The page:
The Three Levels of Design: Visceral, Behavioral and Reflective

So I have recently bought this baby mobile, as the very first item to decorate our future nursery. However, it is not very practical, as it is very fragile as the baby will most likely break it, if getting in any sort of contact with it. But, I liked the way it looks and thought it will look cute in a nursery. So how can this happen, why would I buy something so unpractical?

To understand this purchase and products in general, Don Norman (2004) proposes three aspects of design that interweave emotions and cognition: visceral, behavioural, and reflective. These three terms are found useful, as it can cast a light upon why the emotional site of products, might be more critical to succeed with a product, rather than the practical elements of it. Firstly, the first level visceral design is about the more intuitive behaviour, for instants if you feel something is pretty, it comes from the visceral level and deals with the look, feel and touch (Norman, 2004). Secondly, the behavioural level, only considers the use of a product and focuses on satisfying people’s needs. But, one should keep in mind that both visceral and behavioural reactions are subconscious which makes us unaware of the true reactions and causes hereof (ibid). Therefore, even though I try to understand the reasoning behind the purchase I did, it is intuitive and subconscious, so the real cause of it cannot be uncovered completely, but gives reasoning to understand the cause behind it. Lastly there is the reflective level, which often determines a person’s overall impression of a product. As Norman (2004) states “The reflective value outweighs the behavioral difficulties” (Norman, 2004 p. 85) therefore it can be hard to judge whether someone would by a product if not having a practical reason for it, but why else would someone buy a painting only to hang on the wall? This is as the overall experience of it; is where other aspects of the product can outweigh inadequacies.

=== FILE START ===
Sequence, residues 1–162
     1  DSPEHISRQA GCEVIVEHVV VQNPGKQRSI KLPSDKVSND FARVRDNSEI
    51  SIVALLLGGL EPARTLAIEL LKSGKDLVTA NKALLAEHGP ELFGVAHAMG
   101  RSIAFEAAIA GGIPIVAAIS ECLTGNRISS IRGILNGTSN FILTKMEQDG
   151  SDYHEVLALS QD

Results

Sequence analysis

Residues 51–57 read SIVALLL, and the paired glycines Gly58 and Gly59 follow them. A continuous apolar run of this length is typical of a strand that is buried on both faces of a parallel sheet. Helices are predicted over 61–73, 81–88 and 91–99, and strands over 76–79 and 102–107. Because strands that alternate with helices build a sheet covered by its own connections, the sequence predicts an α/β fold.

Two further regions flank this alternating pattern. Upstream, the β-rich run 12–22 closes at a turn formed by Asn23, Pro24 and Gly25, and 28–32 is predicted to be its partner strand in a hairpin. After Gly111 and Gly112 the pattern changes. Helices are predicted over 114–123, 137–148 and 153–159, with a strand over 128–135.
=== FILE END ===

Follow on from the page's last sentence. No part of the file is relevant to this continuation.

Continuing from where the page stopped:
In my case at this purchase it was mainly controlled by the visceral level, as I found it pleasing to look at, however the reflective level also must have been taken into account, as it in some level affects my reflective image. I would like to have a presentable home, when people come to visit, so even though the behavioural level did not play a big role in this purchase, in terms of the functionality of the product, or lack hereof, I chose to buy it anyway.

Norman, Donald A (2004). Emotional design: Why we love (or hate) everyday things. Basic Civitas Books, chapter 3.